The first ramp design consisted of the fewest number of components. Each ramp design was highly modular, especially the third design, which is the most modular EPS. The third ramp design is a good example of why looking at the average node degree and algebraic connectivity independently is an unreliable exercise. As can be seen from the results in Table 2, the first two ramp designs are very similar. This is not the case with the third ramp design, which has a smaller algebraic connectivity with more modules. This is due to the third EPS design used with that ramp variant. When compared to the other two EPS designs, the third design has an algebraic connectivity half that of the other two. In addition, the third EPS design has more components than the others with a similar average node degree. However, the maximum node degree of the third design was greater than the other EPS variants. Upon further examination, the third EPS design is found to have many components that are only connected to two components, one that supplies electrical current and one that receives current, making it simpler to make a component independent from the rest of the system. In addition, a limited number of components are connected to many others. This small number of components is what drives the average node degree of the system up, making each EPS design appear similar by average node degree. However, because the algebraic connectivity is a measure of the difficulty in making a component independent of the rest of the system, the algebraic connectivity of the third ramp design remains low because of the number of components that have a fewer number of connections. The low algebraic connectivity is consistent with the recommendation for modular physical system architectures that may have the unintended downside of making the systems less tolerant to failure.

After both models were applied to each of the three ramp designs, the NLDS model did not show any relevant evidence to suggest that any one ramp design (graph layout) was more resilient to propagations than the others. However, conclusions can still be drawn from the results and are discussed below. The length of time to full propagation was not significantly different between designs. The NLDS model can adequately identify those design components that are critical to a system and whose failure would cause shutdown of the whole system, as can be seen by the differences in failure origins. Conversely, the SFF model can be used to compare different conceptual design architectures for resilience to propagation. This can be done by analyzing how a failure propagates through a system and then fixing failed components to inhibit the propagation of the failure. The SFF model determined that the third ramp design was more resilient to specific nodal attacks, because both simulations indicated a similar infection breadth. This result is consistent with the observation of spectral analysis, because the third design is more modular compared to the other designs. Therefore, it has a high robustness only because the failure of components can be isolated to its module.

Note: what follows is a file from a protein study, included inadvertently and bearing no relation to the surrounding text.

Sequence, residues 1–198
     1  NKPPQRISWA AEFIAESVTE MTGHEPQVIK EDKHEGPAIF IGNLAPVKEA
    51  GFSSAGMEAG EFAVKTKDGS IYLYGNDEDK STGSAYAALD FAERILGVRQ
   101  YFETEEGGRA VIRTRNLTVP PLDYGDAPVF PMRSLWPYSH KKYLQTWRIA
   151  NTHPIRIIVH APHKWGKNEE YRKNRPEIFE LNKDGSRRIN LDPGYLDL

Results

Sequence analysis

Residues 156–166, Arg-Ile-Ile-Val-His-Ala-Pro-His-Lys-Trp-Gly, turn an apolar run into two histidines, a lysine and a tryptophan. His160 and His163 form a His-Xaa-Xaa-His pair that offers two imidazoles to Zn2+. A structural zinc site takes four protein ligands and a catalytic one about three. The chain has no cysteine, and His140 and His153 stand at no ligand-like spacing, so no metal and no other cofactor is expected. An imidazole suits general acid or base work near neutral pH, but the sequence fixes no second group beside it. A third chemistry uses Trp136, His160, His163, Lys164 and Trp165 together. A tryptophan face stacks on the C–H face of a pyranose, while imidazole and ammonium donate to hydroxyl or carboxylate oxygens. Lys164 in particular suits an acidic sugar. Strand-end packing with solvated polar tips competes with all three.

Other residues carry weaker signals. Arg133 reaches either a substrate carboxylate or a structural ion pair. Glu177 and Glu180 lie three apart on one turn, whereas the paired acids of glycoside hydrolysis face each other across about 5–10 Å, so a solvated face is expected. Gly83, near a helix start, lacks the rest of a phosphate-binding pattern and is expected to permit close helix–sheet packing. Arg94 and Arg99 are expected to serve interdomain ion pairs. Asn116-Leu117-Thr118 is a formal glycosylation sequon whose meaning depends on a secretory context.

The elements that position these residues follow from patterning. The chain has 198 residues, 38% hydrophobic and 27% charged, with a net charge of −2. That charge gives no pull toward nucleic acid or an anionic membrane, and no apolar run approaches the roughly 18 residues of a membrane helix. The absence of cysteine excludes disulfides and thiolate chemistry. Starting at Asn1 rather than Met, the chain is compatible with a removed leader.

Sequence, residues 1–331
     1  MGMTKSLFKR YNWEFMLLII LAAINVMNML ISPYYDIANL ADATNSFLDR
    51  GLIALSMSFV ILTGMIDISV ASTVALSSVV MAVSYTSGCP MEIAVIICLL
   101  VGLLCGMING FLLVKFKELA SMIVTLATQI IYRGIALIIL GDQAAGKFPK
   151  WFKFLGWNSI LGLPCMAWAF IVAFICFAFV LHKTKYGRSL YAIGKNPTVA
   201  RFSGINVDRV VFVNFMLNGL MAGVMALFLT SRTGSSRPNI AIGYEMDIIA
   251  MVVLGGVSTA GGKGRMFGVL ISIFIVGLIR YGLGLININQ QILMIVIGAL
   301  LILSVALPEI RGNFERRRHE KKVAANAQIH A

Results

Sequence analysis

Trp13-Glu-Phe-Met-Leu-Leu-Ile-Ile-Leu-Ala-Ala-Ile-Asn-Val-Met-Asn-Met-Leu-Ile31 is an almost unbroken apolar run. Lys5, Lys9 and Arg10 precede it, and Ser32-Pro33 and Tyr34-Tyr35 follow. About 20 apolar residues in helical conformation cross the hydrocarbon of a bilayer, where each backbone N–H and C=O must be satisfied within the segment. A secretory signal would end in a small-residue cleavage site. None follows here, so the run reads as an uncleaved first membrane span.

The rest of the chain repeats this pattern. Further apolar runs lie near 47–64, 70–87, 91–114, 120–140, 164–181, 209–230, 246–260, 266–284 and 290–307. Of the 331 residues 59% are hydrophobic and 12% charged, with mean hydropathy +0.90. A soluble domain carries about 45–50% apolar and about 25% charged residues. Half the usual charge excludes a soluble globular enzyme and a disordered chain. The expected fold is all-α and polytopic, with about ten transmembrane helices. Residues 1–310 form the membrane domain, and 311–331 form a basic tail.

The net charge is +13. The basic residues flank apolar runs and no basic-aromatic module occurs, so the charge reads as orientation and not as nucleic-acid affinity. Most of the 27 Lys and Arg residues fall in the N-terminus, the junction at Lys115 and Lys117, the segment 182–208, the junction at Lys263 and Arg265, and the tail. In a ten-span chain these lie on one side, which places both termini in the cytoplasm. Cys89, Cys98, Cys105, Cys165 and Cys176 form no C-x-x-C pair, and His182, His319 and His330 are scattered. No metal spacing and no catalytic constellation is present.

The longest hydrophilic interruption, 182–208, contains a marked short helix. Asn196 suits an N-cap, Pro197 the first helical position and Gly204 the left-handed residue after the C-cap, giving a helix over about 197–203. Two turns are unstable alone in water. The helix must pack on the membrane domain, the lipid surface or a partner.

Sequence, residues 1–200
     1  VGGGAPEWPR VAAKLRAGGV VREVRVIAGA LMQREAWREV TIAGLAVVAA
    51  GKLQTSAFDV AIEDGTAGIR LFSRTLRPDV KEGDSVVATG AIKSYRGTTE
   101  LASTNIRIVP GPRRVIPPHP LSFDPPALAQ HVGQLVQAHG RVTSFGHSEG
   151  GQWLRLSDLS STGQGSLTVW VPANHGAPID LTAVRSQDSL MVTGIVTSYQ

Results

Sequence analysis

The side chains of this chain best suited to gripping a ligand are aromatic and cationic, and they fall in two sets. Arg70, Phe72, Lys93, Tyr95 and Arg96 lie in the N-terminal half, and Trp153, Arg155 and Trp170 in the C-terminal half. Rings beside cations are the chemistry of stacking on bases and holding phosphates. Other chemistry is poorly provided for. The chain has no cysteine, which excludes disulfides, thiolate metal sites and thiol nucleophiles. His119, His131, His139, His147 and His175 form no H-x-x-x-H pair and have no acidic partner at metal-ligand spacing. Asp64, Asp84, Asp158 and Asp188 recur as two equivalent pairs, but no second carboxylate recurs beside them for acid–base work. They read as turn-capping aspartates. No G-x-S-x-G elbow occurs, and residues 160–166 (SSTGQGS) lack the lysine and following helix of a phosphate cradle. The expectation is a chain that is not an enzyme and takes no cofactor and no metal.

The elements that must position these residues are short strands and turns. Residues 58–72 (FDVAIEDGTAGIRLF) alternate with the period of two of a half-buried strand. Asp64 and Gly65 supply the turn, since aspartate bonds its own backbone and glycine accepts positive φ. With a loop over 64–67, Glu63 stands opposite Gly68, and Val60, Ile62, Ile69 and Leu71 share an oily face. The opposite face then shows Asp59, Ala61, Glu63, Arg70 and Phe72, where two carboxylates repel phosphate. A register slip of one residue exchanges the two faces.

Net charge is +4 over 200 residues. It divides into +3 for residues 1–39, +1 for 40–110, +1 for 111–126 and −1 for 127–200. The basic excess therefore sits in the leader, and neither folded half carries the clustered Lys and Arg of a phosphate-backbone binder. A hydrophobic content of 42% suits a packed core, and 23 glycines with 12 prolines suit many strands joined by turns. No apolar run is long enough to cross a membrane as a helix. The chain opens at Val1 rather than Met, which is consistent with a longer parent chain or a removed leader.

A couple of telling conclusions can be drawn from the result of the case study. First, the NLDS models showed that connectivity plays a major role in how fast an epidemic spreads. A few components with a higher degree increase the speed of infection throughout a system. This was conclusively shown because the third ramp design, having a few nodes with a higher degree than the other designs, will propagate a failure faster. Second, larger systems will lessen the impact of random or targeted attacks. The ramp system designs showed this because the normalized percentage of failure began to equalize between components with fewer connections and components with more connections that were used as failure origins when the system size increased. Both conclusions provide insight into design architectures that can be more resilient to failures.

6. CONCLUSIONS AND FUTURE WORK